The easiest course for the U.S. government to take would be to forgo hypocritical rhetoric altogether and acknowledge the narrowly self-interested goals of many of its actions. Leaks would be much less embarrassing - and less damaging - if they only confirmed what Washington had already stated its policies to be.


Indeed, the United States could take a page out of China's and Russia's playbooks:

instead of framing their behavior in terms of the common good, those countries decry anything that they see as infringing on their national sovereignty and assert their prerogative to pursue their interests at will.

Washington could do the same, while continuing to punish leakers with harsh prison sentences and threatening countries that might give them refuge.

The problem with this course, however, is that U.S. national interests are inextricably bound up with a global system of multilateral ties and relative openness. Washington has already undermined its commitment to liberalism by suggesting that it will retaliate economically against countries that offer safe haven to leakers.


If the United States abandoned the rhetoric of mutual good, it would signal to the world that it was no longer committed to the order it leads.


As other countries followed its example and retreated to the defense of naked self-interest, the bonds of trade and cooperation that Washington has spent decades building could unravel.


The United States would not prosper in a world where everyone thought about international cooperation in the way that Putin does.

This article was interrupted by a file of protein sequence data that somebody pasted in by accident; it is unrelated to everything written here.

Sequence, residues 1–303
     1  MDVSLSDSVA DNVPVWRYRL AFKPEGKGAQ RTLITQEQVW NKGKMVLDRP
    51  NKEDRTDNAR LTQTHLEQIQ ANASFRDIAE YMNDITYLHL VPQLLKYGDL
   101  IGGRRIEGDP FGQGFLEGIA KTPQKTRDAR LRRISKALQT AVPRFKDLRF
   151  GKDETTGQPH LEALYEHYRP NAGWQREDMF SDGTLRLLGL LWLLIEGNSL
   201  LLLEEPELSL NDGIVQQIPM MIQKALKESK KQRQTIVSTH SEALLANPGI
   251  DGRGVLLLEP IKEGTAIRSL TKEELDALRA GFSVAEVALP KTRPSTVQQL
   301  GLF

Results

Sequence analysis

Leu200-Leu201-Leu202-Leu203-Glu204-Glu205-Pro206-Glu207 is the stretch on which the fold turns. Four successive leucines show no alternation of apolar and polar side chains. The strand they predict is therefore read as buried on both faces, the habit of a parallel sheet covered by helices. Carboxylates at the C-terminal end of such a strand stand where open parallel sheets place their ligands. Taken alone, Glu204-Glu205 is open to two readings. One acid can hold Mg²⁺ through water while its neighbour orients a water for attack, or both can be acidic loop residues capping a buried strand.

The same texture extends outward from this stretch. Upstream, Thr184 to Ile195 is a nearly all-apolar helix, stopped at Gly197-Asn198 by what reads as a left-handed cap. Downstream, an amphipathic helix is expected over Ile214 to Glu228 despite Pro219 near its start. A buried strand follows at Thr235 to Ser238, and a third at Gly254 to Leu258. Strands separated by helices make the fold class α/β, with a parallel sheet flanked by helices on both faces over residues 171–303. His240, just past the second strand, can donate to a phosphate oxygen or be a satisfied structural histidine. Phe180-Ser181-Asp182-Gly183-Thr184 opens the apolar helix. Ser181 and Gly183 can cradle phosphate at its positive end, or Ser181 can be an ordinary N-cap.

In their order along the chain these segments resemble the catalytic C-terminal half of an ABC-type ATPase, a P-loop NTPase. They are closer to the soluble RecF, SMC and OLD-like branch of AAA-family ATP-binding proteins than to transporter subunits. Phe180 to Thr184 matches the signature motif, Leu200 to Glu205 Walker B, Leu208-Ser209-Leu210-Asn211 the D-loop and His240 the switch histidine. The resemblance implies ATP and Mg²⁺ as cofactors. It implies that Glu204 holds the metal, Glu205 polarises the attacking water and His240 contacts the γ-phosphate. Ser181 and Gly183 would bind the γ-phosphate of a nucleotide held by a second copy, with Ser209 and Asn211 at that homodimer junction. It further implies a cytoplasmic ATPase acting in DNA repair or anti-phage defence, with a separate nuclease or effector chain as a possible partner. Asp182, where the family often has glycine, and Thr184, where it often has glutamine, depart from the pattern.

A better alternative would be for Washington to pivot in the opposite direction, acting in ways more compatible with its rhetoric. This approach would also be costly and imperfect, for in international politics, ideals and interests will often clash. But the U.S. government can certainly afford to roll back some of its hypocritical behavior without compromising national security.


A double standard on torture, a near indifference to casualties among non-American civilians, the gross expansion of the surveillance state - none of these is crucial to the country's well-being, and in some cases, they undermine it.


Although the current administration has curtailed some of the abuses of its predecessors, it still has a long way to go.

Secrecy can be defended as a policy in a democracy. Blatant hypocrisy is a tougher sell. Voters accept that they cannot know everything that their government does, but they do not like being lied to.


If the United States is to reduce its dangerous dependence on doublespeak, it will have to submit to real oversight and an open democratic debate about its policies.


The era of easy hypocrisy is over.